As the hon. Lady will remember, we discussed this issue at length in Committee. The Government consulted on whether small businesses should be covered by consumer legislation in 2008 and 2012, and on both occasions the result of that consultation was that they should not be. Recent work by the Federation of Small Businesses considered whether micro-businesses should be covered by consumer law, and it too came to the conclusion that they should not be. There is work to be done on the protection of micro-businesses, and some regulators are considering treating them in a similar way. However, the Government consultation on consumer law resolved that it was far more complicated to include micro-businesses as consumers, and that was not the response to the consultation.
The hon. Member for Rutherglen and Hamilton West raised the issue of guarantees being sold with products. Consumer protection regulations already prohibit traders from presenting statutory rights as a distinctive feature of their offer, so a guarantee that offered no more than a consumer’s statutory rights would already be prohibited.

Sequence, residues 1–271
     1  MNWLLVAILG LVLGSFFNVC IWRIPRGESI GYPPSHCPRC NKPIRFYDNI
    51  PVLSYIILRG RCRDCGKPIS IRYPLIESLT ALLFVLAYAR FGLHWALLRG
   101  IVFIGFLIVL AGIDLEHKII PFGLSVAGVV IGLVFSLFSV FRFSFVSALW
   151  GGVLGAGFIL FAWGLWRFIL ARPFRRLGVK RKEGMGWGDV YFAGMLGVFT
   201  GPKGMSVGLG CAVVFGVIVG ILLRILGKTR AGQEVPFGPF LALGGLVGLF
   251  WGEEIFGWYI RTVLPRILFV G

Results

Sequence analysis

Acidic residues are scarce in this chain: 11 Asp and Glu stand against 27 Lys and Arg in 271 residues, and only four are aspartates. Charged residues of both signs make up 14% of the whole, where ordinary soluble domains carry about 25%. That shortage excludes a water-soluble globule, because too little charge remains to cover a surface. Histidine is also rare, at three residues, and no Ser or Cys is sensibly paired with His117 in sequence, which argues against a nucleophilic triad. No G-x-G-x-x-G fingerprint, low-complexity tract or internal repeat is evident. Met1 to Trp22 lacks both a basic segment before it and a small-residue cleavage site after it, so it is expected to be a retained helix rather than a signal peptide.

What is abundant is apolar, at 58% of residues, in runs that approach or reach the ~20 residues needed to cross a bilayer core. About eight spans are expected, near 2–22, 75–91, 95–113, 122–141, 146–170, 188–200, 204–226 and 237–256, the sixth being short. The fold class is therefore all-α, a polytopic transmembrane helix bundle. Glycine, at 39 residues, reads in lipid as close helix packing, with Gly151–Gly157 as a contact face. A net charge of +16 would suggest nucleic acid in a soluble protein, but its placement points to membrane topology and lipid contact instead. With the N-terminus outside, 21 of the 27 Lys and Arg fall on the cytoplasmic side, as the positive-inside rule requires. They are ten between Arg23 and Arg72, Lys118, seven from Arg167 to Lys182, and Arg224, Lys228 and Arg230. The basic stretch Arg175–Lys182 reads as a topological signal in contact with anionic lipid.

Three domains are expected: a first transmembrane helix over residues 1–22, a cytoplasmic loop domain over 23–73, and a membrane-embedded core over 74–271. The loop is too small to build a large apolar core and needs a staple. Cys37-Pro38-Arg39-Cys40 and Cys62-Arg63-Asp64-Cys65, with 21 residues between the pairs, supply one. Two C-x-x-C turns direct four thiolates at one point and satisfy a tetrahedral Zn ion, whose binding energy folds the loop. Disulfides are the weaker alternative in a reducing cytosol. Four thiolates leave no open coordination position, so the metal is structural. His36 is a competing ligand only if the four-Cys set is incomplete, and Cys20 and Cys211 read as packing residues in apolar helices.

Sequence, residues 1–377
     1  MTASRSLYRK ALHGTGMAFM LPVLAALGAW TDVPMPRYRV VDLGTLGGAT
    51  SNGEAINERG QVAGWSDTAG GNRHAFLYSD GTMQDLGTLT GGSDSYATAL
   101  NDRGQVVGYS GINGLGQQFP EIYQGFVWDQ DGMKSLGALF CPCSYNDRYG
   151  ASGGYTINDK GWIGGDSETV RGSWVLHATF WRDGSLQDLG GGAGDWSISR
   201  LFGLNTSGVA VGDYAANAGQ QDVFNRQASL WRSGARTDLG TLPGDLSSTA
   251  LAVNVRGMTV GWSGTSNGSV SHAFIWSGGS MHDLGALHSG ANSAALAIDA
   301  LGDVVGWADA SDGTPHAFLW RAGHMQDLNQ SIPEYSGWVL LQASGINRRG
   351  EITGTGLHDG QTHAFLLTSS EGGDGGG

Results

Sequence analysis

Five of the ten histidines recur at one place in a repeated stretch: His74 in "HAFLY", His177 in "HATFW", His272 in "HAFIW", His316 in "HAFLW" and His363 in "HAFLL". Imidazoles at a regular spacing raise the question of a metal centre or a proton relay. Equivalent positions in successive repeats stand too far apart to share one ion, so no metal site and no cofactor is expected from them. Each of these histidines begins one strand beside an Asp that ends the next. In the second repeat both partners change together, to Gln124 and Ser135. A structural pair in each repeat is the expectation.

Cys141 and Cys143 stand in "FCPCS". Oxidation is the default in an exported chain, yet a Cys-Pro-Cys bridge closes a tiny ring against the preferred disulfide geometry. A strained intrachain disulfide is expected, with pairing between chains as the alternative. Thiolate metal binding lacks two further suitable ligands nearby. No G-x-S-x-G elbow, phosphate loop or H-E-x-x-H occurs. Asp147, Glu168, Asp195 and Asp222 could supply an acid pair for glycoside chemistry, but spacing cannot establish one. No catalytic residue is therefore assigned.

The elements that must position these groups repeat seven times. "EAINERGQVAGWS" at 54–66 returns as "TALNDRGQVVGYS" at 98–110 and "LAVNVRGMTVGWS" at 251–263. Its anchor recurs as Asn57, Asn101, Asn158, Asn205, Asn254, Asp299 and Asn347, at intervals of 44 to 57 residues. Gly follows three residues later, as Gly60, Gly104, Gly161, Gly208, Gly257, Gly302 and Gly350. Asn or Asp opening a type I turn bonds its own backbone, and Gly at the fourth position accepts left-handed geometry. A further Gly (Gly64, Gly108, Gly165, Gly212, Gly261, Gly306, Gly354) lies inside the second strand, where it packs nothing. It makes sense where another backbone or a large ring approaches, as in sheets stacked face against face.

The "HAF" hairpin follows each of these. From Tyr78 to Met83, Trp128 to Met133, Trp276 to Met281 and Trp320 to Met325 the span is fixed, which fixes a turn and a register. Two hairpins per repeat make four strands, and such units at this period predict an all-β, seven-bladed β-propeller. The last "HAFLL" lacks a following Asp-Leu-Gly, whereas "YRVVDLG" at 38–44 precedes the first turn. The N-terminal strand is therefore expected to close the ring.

We have now made it easier for consumers to get their money back when they have been mis-sold something to which they already have a legal right.
Extended warrantees can offer consumers valuable additional benefits if done properly, such as accidental damage cover, regular servicing and so on. Before consumers buy extended warrantees in the shop at the same time as buying electrical goods, they must be informed of their statutory rights and their right to cancel the extended warrantee. In 2012 the Office of Fair Trading found recent significant improvements in the market, and although we recognise that there have been issues in the past, more and more consumers are now shopping around when looking at warranties. That is driving competition between warrantee providers, which seems to be increasing quality and lowering price.